Elections to the 13h Knesset were held on 20 June 1992. The Israel Labor party won 44 seats, Likud 32, Meretz 12, Tsomet 8, Shas 6, The National Religious Party 6, United Torah Judaism 4, Moledet 3, Democratic Front for Peace and Equality 3, and the Democratic Arab Party 2. On 2 July 1992 President Herzog charged Yitzhak Rabin, the Chairman of the Labor party, with the task of forming the new government. That task was completed a week later, when Mr. Rabin formed a coalition consisting of Labor, Meretz and the Sephardi Torah Guardians (Shas). This gave the government a 62-seat majority. It also ensured the support of five additional votes of the Democratic Front for Peace and Equality, and the Democratic Arab Party.
In presenting his government, Mr. Rabin promised to continue the peace process based on the Madrid Conference framework. He called for a relentless war on terrorism. He alluded to a halt in settlement activity in the territories apart from enhancing and strengthening Jewish settlement along the lines of confrontation. There would be no change in the status of Jerusalem. He called for a change in the order of national priorities and in the allocation of financial resources. Mr. Rabin then presented his cabinet, He would also serve as defense minister. Shimon Peres was appointed minister of foreign affairs. The new government won a vote of confidence on 14 July and was sworn in the next day. Text of Mr. Rabin's address follows:
Your Excellency Mr. President, Speaker of the Knesset, Members of the Knesset:
The Government asking for the confidence of the 13th Knesset is keenly aware that the eyes of every one of Israel's citizens are focused on it with a prayer of great hope. Many people in Israel and in countries throughout the world look forward today to our embarking upon a new path, to fresh momentum, to turning a new page in the annals of the State of Israel. Attended by their best wishes and concern, we are today setting out on the long and difficult journey.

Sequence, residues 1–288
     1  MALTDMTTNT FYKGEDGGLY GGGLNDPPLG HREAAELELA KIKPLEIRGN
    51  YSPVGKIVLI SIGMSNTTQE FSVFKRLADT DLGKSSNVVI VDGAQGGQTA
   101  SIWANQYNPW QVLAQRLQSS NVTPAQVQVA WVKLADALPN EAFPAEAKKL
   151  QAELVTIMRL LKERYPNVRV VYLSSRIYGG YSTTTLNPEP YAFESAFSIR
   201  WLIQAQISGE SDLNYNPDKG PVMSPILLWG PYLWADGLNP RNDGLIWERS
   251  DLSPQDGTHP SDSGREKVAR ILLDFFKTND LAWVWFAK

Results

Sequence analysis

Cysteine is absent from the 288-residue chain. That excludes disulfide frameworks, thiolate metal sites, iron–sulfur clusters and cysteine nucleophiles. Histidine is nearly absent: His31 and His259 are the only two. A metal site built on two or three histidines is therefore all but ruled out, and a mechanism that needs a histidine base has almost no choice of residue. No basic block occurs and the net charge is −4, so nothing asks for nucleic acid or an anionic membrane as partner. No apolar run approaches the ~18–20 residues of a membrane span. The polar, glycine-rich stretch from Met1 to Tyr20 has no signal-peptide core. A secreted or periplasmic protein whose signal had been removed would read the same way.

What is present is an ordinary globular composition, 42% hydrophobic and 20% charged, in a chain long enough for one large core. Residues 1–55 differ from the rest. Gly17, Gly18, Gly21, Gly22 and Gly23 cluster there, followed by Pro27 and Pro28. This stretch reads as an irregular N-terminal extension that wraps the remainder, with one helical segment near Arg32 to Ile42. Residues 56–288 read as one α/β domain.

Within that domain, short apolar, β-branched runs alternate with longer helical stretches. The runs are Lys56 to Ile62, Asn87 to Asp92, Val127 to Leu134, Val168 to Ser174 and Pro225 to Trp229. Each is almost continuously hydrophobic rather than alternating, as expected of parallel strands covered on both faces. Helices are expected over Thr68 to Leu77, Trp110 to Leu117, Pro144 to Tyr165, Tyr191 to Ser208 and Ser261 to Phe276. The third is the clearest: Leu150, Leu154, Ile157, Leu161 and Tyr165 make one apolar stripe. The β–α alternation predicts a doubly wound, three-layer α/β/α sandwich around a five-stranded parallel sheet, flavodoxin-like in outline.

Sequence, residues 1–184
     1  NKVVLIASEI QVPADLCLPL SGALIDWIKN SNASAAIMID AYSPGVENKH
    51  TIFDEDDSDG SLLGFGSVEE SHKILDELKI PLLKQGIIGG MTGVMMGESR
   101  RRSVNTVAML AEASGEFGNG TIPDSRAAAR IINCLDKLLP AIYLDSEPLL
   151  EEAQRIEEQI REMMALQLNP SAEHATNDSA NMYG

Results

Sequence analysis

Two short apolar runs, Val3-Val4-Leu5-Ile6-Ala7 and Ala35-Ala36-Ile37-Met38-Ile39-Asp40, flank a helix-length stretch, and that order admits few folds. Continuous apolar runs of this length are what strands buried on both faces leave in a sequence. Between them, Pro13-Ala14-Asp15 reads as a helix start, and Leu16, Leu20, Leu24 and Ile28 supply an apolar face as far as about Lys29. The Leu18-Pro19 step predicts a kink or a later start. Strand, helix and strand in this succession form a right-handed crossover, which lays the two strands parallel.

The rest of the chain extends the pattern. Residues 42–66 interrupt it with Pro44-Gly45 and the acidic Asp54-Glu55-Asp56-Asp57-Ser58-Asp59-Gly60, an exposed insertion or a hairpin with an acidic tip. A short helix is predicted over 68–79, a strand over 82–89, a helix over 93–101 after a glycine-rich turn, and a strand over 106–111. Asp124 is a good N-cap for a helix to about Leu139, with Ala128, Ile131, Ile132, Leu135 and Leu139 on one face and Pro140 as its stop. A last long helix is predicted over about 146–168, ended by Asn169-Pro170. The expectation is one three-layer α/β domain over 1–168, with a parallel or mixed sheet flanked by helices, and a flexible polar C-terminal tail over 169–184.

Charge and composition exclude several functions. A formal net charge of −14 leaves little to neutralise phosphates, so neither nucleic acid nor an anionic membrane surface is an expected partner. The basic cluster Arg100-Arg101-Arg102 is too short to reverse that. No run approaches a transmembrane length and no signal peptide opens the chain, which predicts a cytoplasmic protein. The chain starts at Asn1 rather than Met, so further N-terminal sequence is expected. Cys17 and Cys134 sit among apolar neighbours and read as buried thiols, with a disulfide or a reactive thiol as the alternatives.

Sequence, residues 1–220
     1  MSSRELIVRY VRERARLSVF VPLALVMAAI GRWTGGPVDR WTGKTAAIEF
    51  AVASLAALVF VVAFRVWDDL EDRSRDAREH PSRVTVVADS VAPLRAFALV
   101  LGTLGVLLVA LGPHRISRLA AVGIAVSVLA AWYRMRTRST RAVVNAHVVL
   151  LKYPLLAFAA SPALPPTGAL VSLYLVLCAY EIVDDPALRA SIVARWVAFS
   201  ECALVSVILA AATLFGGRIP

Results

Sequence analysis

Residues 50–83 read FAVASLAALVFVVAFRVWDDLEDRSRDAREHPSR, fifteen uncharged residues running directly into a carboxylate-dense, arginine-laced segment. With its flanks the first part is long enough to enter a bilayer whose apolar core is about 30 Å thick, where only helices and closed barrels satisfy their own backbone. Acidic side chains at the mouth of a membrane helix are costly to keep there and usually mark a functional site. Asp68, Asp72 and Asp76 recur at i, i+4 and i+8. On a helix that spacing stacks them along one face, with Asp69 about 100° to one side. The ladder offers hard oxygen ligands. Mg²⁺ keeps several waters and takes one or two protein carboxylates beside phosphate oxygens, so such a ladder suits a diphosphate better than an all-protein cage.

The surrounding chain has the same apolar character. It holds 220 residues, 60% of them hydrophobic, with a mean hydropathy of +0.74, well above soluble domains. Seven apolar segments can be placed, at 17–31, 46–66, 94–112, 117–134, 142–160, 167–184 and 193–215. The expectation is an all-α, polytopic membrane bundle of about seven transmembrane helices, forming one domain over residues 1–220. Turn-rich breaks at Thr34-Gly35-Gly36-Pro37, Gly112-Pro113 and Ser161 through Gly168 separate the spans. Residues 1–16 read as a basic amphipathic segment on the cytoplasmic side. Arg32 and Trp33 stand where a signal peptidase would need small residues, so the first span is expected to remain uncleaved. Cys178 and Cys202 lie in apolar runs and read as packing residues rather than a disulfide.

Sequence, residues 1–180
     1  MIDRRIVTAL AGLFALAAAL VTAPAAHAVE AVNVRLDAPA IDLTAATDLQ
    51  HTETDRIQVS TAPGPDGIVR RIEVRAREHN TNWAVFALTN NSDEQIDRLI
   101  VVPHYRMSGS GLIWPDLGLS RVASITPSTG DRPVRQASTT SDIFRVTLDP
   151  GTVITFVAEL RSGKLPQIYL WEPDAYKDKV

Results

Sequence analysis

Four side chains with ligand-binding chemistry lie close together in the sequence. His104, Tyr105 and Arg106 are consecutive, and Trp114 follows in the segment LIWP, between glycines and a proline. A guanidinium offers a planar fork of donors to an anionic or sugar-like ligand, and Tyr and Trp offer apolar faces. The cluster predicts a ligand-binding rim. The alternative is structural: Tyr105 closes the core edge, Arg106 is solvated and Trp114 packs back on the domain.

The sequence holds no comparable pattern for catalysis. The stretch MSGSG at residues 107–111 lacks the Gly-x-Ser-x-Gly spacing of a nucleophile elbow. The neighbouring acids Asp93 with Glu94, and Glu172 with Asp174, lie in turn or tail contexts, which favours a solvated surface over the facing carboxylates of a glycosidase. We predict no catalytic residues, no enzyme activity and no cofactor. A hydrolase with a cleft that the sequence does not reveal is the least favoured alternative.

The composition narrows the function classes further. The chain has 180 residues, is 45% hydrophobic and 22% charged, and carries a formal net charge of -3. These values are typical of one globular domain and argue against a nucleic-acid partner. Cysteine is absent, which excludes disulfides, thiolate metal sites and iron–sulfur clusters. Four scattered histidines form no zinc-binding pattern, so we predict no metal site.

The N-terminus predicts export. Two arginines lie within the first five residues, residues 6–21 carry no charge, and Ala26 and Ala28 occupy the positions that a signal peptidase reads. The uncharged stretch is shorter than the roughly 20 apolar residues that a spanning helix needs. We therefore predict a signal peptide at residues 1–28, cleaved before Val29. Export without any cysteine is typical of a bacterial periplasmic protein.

Members of the Knesset, please take note that this Government is determined to expend all the energy required, to take any path, to do everything necessary, everything possible, and more, for the sake of national and personal security, to achieve peace and prevent war, to do away with unemployment, for the sake of immigration and absorption, for economic growth, to strengthen the foundations of democracy and the rule of law, to ensure equality for all citizens, and to protect human rights. We are going to change the national order of priorities. We know very well that obstacles will stand in our path. Crises will erupt; there will be disappointments, tears, and pain. But after it all, once we have traveled this road, we shall have a strong state, a good state, a state in which we will be proud to be citizens and partners in the great effort: "A concerted, stubborn, and eternal effort of a thousand arms. Will it succeed in rolling the stone off the mouth of the well?" asked the poetess Rachel. The answer is within us; the answer is we, ourselves.
Members of the Knesset, on behalf of you all, veterans and newcomers to this House, I wish to thank the departing Speaker of the Knesset, Dov Shilansky, for the role he has played and for his contribution to the Knesset and to the democratic way of life in the State of Israel. You have the gratitude of us all.
I also wish to extend heartfelt congratulations on behalf, I hope, of us all, to the newly elected Speaker of the Knesset, my friend Shevach Weiss, whom I consider to be a symbol of the history of the Jewish people in the past generation: a brand snatched from the fire, a Jewish youth who survived the harrowing destruction of the Holocaust, a new immigrant who set down roots in Israel, studied and taught here, and is today the object of our admiration. May I wish you, and this House, much success.
And on your behalf, Members of the Knesset, with a warm handshake that crosses party lines, differing views, and political rivalries, I would like to welcome the new Members of the Knesset. I also wish to express my gratitude and esteem to the 40 departing Members of the Knesset, many of them among this country's builders and its finest fighters. I am unable to read out their names and praise the work of each and every one of them, but I am convinced that all the parties here, right and left, religious and secular, are desirous to express their thanks.
Members of the Knesset, on the first day of Tammuz 5752, July 2, 1992, the President of the State charged m e with forming a Government for Israel, and on Friday, the 9th of Tammuz, July 10th, I informed him that I had succeeded in that
task. Participating in the Government that is asking for the Knesset's confidence today are the Labor, Democratic Israel (Meretz), and Sephardi Torah Guardians (Shas) parties. Following clarifications of its policy towards the Arab population